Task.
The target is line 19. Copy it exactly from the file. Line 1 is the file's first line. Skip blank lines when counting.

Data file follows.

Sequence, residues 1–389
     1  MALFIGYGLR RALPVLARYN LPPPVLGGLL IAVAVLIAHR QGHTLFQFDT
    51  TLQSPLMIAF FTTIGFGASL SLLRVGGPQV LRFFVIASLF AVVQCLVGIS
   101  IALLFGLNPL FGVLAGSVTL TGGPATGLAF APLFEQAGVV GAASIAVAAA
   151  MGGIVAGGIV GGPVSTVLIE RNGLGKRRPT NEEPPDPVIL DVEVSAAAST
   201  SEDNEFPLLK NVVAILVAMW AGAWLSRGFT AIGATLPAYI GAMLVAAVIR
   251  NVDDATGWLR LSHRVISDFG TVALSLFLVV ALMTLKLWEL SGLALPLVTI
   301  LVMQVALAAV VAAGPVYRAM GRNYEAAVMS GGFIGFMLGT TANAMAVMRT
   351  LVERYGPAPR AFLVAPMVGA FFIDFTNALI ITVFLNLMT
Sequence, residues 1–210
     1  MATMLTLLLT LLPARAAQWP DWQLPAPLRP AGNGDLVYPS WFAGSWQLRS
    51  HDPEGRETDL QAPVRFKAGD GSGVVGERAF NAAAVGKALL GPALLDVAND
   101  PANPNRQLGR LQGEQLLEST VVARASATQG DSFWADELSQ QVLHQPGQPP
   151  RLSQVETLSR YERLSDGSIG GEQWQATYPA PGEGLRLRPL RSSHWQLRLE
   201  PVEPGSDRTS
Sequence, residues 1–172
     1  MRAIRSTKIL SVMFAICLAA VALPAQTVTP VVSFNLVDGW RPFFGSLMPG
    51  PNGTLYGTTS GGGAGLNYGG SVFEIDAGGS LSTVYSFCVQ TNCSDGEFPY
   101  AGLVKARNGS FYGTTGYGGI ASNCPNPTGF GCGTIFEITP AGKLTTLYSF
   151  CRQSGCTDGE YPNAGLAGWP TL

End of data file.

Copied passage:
   101  AGLVKARNGS FYGTTGYGGI ASNCPNPTGF GCGTIFEITP AGKLTTLYSF